It’s not rocket science: Humanities have a place in our education system

Illustration courtesy of Alice Feng

In the higher education community, there is a clear divide separating STEM and the humanities. Students debate the superiority of their respective favorite, while academic communities — as well as society in general — prioritize STEM for the lucrative careers and benefits it provides. But in order to form a society capable of progressing in all fields, we cannot perpetuate this hierarchy. Instead, there must be a harmonious relationship between STEM and the humanities. While many people believe humanities have lost their bravado, they have a meaningful place in our education system.

Skeptics often question why an 18-year-old would assume hundreds of thousands of dollars in student loans debt to take English classes and study obsolete languages — they could pay a fraction of that and go to a school where their area of study will launch them into a high-paying job. I constantly find myself having this argument with my friends, who disagree with my decision to study obsolete languages, read Heidegger and discuss Eagleton’s validity. Even worse, a comprehensive understanding of the world comes at an absurdly high price; liberal arts colleges around the country are reaching record-breaking tuition costs. The rise in cost is partially to blame for the divide between humanities and STEM.

But we are social beings who function through communication, so we can’t ignore the communication skills and social context that humanities provide. Moreover, the claim that a humanities degree can’t lead to monetary success is false. According to Forbes, humanities majors may not earn the same amount as “professional and pre-professional majors like nurses and business majors” straight out of college, but later in life, their income surpasses those fields by $2,000 per year.

The liberal arts education system was built on the idea that citizens should have a breadth of knowledge so they can participate in and sustain the health of their democratic system. Without the foundation of reading, writing and analytical skills, people will simply lack the necessary tools to uphold the integrity of democracy. On a more personal level, studying humanities teaches me how to exist in this world, live with purpose and view the world with the greatest level of precision and accuracy possible. In my history, philosophy, English and foreign language classes, I learn how we interact as social beings, interpret meaning through language and dissect the driving forces behind our human actions.

All of these skills complement my learning in STEM courses. The beauty of the liberal arts education is that it fuses all areas of study, including STEM and the humanities, in order to arm students with the ability to go into any field that fascinates them. Davin Mckinley (sophomore), a Comparative Studies in Literature & Culture (CSLC) major, said that she approaches her academic career with the aim of becoming a well-rounded and educated person: “I have designed my academic career to be a life in itself as opposed to a means to a goal,” Mckinley said. That will make her a more informed individual and positive contributor to society, which will naturally lead to career opportunities down the line.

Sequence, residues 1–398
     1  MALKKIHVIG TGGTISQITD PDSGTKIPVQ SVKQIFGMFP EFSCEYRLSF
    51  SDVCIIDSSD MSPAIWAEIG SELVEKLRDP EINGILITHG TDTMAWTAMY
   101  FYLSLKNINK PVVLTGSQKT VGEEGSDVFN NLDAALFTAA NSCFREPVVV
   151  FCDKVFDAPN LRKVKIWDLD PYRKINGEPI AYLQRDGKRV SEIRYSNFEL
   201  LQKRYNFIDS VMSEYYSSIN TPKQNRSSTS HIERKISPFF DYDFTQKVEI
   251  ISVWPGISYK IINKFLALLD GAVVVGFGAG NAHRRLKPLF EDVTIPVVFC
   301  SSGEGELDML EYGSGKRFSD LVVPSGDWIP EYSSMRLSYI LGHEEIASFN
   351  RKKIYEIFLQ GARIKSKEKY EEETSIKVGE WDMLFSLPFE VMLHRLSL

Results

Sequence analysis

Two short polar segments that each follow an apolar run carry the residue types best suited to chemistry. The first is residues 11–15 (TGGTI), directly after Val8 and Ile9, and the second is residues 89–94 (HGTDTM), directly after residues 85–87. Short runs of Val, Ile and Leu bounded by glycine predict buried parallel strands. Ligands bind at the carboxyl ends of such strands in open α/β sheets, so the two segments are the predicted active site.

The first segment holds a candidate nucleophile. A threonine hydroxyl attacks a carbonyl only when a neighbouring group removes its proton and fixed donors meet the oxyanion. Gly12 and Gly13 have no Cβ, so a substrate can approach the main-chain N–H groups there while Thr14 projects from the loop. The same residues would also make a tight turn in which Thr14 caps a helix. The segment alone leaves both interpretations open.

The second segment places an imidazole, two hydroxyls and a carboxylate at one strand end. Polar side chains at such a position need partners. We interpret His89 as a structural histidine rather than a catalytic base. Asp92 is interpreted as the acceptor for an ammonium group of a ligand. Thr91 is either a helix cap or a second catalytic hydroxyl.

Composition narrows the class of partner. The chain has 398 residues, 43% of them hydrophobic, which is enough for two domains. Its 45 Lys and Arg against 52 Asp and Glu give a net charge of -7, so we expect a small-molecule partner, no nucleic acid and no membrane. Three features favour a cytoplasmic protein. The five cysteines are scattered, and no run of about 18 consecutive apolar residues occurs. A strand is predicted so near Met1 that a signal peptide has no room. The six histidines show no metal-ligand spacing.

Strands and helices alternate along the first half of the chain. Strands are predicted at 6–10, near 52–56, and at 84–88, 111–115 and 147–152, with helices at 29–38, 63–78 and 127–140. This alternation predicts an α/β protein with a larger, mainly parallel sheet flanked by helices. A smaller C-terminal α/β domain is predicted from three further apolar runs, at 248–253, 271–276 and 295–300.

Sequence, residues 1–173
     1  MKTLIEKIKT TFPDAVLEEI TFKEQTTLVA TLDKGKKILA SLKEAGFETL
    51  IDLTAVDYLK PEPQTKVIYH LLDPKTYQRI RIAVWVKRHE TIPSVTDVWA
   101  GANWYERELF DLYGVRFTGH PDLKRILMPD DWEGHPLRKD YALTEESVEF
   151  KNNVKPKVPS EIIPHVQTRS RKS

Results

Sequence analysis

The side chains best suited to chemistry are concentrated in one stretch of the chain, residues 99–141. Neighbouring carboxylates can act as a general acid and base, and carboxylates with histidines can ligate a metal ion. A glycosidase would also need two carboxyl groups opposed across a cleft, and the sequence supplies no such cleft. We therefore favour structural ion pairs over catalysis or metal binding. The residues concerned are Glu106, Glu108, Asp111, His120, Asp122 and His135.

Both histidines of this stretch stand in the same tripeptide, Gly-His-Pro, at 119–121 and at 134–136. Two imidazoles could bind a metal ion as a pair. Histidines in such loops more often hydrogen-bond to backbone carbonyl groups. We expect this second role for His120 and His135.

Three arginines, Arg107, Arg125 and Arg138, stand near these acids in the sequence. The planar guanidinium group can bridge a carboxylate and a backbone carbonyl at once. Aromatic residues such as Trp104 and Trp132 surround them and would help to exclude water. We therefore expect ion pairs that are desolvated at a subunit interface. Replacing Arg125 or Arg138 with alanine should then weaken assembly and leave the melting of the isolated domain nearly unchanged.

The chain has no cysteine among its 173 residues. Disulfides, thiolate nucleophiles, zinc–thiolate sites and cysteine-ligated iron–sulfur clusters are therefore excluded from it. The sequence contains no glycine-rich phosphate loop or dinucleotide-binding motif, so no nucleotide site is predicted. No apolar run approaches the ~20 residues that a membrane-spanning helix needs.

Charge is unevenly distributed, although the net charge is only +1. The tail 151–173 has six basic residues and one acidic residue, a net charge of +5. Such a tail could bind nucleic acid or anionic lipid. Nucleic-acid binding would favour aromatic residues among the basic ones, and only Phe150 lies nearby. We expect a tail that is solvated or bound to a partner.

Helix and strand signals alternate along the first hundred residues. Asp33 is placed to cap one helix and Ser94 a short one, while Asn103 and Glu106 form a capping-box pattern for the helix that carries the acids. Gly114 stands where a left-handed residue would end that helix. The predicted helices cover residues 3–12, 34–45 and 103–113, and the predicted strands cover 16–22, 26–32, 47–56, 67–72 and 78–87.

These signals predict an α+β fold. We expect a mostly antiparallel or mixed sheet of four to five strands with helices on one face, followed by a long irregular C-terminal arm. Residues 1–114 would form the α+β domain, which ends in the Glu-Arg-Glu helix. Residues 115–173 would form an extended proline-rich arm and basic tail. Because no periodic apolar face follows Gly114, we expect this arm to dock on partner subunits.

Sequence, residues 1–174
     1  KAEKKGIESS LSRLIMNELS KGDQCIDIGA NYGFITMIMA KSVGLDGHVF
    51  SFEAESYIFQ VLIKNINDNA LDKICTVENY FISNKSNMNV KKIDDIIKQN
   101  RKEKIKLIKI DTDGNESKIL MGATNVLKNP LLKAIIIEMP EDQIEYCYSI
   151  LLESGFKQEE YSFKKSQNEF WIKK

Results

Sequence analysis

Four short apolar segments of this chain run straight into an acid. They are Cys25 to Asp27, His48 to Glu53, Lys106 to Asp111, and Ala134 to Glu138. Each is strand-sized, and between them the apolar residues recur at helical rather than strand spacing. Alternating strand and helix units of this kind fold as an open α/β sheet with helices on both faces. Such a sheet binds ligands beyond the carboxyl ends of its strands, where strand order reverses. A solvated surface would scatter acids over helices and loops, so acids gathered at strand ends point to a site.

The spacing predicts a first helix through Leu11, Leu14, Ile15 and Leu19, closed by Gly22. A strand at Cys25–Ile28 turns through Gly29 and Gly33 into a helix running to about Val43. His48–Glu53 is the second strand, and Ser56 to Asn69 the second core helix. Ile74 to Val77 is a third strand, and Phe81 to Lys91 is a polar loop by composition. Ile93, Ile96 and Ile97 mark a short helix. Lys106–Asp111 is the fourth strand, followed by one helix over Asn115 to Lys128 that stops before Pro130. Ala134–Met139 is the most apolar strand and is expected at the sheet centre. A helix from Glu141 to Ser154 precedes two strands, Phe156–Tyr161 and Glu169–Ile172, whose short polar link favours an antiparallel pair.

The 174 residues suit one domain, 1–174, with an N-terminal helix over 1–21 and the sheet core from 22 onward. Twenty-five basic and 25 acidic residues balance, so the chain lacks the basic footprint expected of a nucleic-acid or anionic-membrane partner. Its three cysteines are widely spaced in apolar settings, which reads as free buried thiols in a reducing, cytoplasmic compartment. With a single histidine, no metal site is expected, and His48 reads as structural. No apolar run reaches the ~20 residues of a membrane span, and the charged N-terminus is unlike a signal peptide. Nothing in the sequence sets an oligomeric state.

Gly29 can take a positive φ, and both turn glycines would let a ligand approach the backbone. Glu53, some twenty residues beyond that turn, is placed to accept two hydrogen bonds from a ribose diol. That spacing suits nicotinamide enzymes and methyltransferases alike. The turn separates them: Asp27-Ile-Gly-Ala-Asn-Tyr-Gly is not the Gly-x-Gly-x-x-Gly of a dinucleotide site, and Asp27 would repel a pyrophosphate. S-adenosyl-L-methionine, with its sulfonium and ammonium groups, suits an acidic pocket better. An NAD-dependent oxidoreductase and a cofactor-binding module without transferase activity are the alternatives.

I also discussed the symbiosis of STEM and the humanities with Jacob Mackey, a professor in the CSLC department. “All domains of knowledge and all levels of knowledge should be mutually consistent, and if they are inconsistent, then somewhere there is a problem,” Mackey said. Without consistency, our emerging workforce will enter into their respective fields with just a portion of the knowledge that they could employ to enhance their career and impact others. In fact, STEM and the humanities don’t just go together in liberal arts colleges — they often work together in the real world. For example, STEM may be responsible for the next scientific discovery or mathematical theory, but skilled writers can translate those discoveries into coherent language for the public to understand.

To humanities majors who are worried about career opportunities upon graduation, I have somewhat hopeful news. Recently, an increasing number of employers across all industries have voiced their desire to have more humanities and liberal arts undergraduate applicants. Humanities majors offer a capable analytical and creative mind, which is a highly valuable asset in many fields. I look forward to a resurgence in the humanities on campuses across the country as more and more people look to broaden their intellectual focuses. Sign up for English classes; spend time analyzing the nuances in your Dickens novel and the historical significance surrounding scientific developments. Even if you are a committed STEM student, I vehemently urge you to dabble in courses on the other side and allow yourself to enrich your life and enhance your intellectual interests.

Sam Berger is a first year Comparative Studies in Literature & Culture major. He can be reached at